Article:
And if they did ban Eye of Ugin, what timeframe would that be in? Right before the SOI Pro Tour?

    1. Well, if the format is broken, attendance will drop alot. This will lead to less interest in magic in general which is alot worse than if standard legal sets are good in modern.

      I for one have no interest playing modern, if Eldrazi is not nerfed. This performance was too much.

    2. As much as Eye of Ugin breaks the Eldrazi Deck, I’m not sure if Wizards is going to ban a good Eldrazi card right after making a new set centered around the Eldrazi.

  2. Excellent work as usual for these large events. Thank you for your efforts!!!

    I predicted Eldrazi would dominate, I didn’t think it would be this overwhelming. I wonder what SCG Regional event results look like, although they will likely lack the ingenuity of the pro tour decks.

  3. hi, the pie chart numbers don’t add up to 100%. I think those numbers might need to be divided by 4.

    1. The first number is the physical number of decks, the second number is the percentage, which is correct.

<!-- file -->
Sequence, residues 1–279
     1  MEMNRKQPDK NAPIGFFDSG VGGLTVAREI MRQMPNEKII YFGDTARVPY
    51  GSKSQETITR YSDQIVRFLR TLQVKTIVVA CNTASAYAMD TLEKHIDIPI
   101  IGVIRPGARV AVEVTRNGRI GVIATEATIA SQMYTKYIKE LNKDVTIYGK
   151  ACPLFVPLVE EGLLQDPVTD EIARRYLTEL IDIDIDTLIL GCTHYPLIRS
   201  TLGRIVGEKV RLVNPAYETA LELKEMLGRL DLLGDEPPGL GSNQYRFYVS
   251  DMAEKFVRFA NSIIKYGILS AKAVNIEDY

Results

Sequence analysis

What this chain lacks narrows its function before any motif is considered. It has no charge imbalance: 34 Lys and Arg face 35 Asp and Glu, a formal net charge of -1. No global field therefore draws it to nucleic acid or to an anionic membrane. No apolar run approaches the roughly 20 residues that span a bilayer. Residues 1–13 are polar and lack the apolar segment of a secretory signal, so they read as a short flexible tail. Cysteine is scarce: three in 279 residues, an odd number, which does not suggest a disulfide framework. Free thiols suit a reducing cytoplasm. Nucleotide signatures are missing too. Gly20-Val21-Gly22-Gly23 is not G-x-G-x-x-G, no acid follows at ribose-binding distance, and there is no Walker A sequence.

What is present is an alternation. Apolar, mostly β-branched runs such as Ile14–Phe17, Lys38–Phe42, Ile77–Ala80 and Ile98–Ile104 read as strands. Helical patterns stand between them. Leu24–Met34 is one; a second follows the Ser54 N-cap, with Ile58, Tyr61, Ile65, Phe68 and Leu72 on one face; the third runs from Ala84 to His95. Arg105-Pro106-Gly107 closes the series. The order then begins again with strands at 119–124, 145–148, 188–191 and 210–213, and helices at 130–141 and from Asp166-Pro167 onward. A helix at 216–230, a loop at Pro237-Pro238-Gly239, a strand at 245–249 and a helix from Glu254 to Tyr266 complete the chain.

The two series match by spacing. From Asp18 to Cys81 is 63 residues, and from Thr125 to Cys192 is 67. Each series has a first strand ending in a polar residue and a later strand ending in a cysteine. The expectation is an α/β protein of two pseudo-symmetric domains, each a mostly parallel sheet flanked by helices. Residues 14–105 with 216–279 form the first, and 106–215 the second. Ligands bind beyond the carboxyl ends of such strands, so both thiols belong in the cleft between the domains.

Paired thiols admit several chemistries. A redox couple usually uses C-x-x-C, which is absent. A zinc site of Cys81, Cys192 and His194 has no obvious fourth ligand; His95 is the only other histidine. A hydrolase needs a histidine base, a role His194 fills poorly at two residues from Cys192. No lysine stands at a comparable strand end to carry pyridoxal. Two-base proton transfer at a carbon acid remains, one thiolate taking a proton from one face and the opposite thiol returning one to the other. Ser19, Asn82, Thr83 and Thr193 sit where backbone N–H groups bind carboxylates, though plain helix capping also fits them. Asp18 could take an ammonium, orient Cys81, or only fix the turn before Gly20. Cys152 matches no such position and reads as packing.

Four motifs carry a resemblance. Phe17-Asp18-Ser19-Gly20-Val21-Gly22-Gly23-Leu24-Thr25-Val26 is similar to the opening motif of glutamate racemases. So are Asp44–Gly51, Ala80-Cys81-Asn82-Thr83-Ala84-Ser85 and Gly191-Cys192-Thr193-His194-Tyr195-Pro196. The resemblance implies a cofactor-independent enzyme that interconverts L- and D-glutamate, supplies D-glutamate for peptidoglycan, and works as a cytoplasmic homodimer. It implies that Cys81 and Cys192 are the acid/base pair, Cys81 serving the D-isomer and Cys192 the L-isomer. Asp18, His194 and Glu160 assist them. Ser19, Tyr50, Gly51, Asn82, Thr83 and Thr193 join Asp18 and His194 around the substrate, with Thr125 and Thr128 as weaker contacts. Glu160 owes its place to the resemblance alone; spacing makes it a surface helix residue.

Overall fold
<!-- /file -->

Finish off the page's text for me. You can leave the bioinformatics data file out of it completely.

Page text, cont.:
4. What a terrible format. Discussion on banning a card weeks after the banlist is announced. Only reason people play this format is because wizards tells them too.

    1. Good article but it seems to dance around the fact that 6/8 are eldrazi decks. This doesn’t mean the deck is now viable, it means it just took a dump on the formats chest. This was total annihilation. Format blows.

      1. “Seems to dance around the fact”? Literally the last sentence in the article is “Join us tomorrow…for one of the least diverse (Top 8’s) in terms of archetype”. Did you read that far?

    2. There has been speculation ongoing prior to the banning announcement that Eye of Ugin is a candidate for banning so I am not really sure what direction you are trying to go with this beyond a general rant.

  5. Ok, Wizards acheived it’s goal: use the ProTour to showcase their newest set.

    Eldrazi Temple and the Eye made it a horror to watch however. Turn 1 Mimic followed by turn 2 KNS is just wrong, and feels more like Vintage than Modern. Never in modern history has a ProTour been dumber to watch. Ban the lands, or unban everything else.

    1. I’m also 100 percent sure that Temple and Eye were originally designed for Eldrazi as ‘top-top end of curve’ spells. You had to have a way to cast them, and the lands were means to an end.

      Now that we have Eldrazi a 2, 3, 4 or X drops the original intended design exploded.

Comments are closed.